Poland Country Drug Report 2019

Drug use and responses in prison

Data on drug use among prisoners are available from the 2007 prison survey and from a 2014 pilot data collection using the European Questionnaire on Drug Use among Prisoners. These data show that a large proportion of prisoners in Poland had used drugs before imprisonment, mainly cannabis, amphetamines and, to lesser extent, opioids. Based on the pilot data collection, half of the prisoners included in the survey had used new psychoactive substances (NSP) before imprisonment. Drug use inside prison was also reported, although to a lesser extent.

Polydrug use, including use of opioids, cannabis, alcohol, amphetamines and other substances, is the main reason for entering drug treatment in Polish prisons. Recent evidence suggests that NSP use in prison settings is emerging in Poland. The National Health Programme 2016-20, several regulations by the Ministry of Justice since 2003 and the ordinance from the prison directorate establish the framework for implementing drug interventions in prison in Poland.

Drug interventions in prison in Poland are based on programmes approved by the General Director of the Prison Service. These programmes include 6-month residential therapeutic programmes conducted in special wards, with interventions ranging from psychotherapy to rehabilitation (available in only some prisons); short-term interventions for individuals at different stages of substance addiction, available in all prisons; self-help groups; and opioid substitution treatment (OST). In 2017, 159 inmates received OST in prison.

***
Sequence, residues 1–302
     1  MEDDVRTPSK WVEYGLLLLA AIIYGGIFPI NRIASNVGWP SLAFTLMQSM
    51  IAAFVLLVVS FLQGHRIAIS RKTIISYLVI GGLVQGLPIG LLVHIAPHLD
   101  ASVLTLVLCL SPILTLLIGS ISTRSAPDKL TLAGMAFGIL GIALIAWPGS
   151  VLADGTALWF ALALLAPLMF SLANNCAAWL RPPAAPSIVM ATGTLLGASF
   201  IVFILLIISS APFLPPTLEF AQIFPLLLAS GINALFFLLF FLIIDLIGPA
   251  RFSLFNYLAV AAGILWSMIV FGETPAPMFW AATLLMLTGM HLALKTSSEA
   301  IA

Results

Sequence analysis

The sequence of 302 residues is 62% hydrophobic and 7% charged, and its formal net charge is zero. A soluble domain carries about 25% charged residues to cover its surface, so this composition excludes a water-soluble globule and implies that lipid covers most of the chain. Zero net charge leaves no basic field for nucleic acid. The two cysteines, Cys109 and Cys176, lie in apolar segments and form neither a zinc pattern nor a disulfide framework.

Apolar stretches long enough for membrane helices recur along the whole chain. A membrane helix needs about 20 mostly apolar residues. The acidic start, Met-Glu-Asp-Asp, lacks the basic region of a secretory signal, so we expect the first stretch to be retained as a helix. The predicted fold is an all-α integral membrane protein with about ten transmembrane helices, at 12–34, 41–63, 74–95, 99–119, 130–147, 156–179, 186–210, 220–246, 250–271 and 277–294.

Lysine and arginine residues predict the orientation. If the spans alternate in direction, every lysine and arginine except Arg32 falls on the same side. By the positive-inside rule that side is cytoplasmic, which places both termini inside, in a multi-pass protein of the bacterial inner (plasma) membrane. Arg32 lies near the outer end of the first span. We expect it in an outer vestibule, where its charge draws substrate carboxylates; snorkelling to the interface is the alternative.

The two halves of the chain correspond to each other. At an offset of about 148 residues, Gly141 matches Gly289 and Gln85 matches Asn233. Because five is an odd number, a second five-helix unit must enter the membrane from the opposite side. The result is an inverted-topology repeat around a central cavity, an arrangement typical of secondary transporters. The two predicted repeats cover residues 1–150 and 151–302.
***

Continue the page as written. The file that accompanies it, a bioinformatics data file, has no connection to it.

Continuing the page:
Harm reduction interventions are implemented by non-governmental organisations and include activities such as educational programmes for drug users, individual consultations, motivation for behavioural change, safe injection training, support groups and group sessions for inmates who have not been admitted to prison treatment wards. Human immunodeficiency virus (HIV)-positive inmates in need of treatment are provided with antiretroviral treatment.


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Methodological note: Analysis of trends is based only on those countries providing sufficient data to describe changes over the period specified. The reader should also be aware that monitoring patterns and trends in a hidden and stigmatised behaviour like drug use is both practically and methodologically challenging. For this reason, multiple sources of data are used for the purposes of analysis in this report. Caution is therefore required in interpretation, in particular when countries are compared on any single measure. Detailed information on methodology and caveats and comments on the limitations in the information set available can be found in the EMCDDA Statistical Bulletin.